We’ve all heard about AI for software testing from some seriously smart people, but there has been a lot of confusion about the idea. This article tackles some of the questions you might be asking: Do I need to be a genius to use AI for software testing? Is AI going to replace me as a tester? Where does AI fit into my testing strategy? With a simple analogy of training a dog, learn how AI fits into testing.
“AIOps” stands for “artificial intelligence in IT operations,” or using machine learning and data science to solve IT problems. AI can help with many IT functions, including detecting and remediating outages, monitoring availability and performance, and IT service management. Like with DevOps, a tester plays an important part with AIOps—they just have to determine what that is.
DevOps does speed up your processes and make them more efficient, but companies must focus on quality as well as speed. QA should not live outside the DevOps environment; it should be a fundamental part. If your DevOps ambitions have started with only the development and operations teams, it’s not too late to loop in testing. You must integrate QA into the lifecycle in order to truly achieve DevOps benefits.
Best practices for test automation emphasize reliability, portability, reusability, readability, maintainability, and more. But how can your existing automated test suite adopt these qualities? Should you address these issues with your current tests, or create an entirely new set of tests? Here are some questions that will help you determine if your test automation maintenance program is operating as it should be.
The internet of things (IoT) continues to proliferate as connected smart devices become critical for individuals and businesses. Even with test automation, performing comprehensive testing can be quite a challenge.
Because enterprise applications are highly interconnected, development in stages puts a strain on the implementation and execution of automated testing. Service virtualization can be introduced to validate work in progress while reducing the dependencies on components and third-party technologies still under development.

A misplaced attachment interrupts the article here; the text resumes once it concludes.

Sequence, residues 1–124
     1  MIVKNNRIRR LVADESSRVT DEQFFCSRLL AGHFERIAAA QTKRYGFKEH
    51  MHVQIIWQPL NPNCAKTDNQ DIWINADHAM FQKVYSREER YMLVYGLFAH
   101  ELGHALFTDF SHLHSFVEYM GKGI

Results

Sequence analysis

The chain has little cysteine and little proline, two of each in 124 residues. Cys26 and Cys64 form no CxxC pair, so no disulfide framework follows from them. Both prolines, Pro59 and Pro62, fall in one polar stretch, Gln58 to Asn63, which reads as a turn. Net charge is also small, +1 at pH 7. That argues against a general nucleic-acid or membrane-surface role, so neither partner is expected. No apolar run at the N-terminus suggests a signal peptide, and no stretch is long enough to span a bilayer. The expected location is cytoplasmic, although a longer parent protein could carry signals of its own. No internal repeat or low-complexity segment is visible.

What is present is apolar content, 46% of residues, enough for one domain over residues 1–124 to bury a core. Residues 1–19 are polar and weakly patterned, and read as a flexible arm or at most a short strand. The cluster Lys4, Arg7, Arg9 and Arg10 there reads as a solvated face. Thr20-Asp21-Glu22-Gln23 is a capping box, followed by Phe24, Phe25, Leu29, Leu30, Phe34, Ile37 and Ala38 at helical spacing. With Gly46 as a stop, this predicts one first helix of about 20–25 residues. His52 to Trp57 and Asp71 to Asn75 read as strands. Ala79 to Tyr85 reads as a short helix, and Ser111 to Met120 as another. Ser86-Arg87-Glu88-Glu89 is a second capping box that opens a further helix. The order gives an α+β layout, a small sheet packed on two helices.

Melissa Benua, director of engineering at mParticle, chats with TechWell community manager Owen Gotimer about the importance of whole team quality, how to get started using the test pyramid, and how developers can start writing testable code.
Dan McFall, president and CEO at Mobile Labs, chats with TechWell community manager Owen Gotimer about trends in enterprise mobility, the role DevOps and the cloud play in mobile application testing, and the transition to working from home.
Max Saperstone, director of test and automation at Coveros, chats with TechWell community manager Owen Gotimer about codeless automation, using ROI to drive test automation decisions, and why manual testing is here to stay. Continue the conversation with Max (@max) and Owen (@owen) on the TechWell Hub (hub.techwell.com)!
One of the lines in the Agile Manifesto is "Working software over comprehensive documentation." This doesn't mean that no documentation is produced, but instead that only documentation that brings value to the team and the customer should be created.
The rise, fall, and resurrection of Selenium IDE begs the question: Can codeless testing actually scale? Test automation folklore is full of horror stories of failed attempts to apply record-playback tools to perform UI-based functional testing. Putting these stories aside for a moment, let's take an objective look at record-playback tools and compare them with programming-based automation tools in order to evaluate their applicability to functional and visual test automation. Join Moshe Milman as he dives into a hands-on demo of the new Selenium IDE, reviews some of its new capabilities, and goes over the latest open source and commercial tools and trends in the codeless test automation space. Find answers to questions around codeless test automation and discover best practices that will help you to scale your automated tests.
We are often reminded by those experienced in writing test automation that code is code. The sentiment being conveyed is that test code should be written with the same care and rigor that production code is written with. However, many people who write test code may not have experience writing production code, so it’s not exactly clear what is meant. And even those who write production code find that there are unique design patterns and code smells that are specific to test code. Join Angie Jones as she presents a smelly test automation code base littered with several bad coding practices and walks through every one of the smells. She'll discuss why each is considered a violation and via live coding, she will demonstrate a cleaner approach. While all coding examples will be done in Java, the principles are relevant for all test automation frameworks.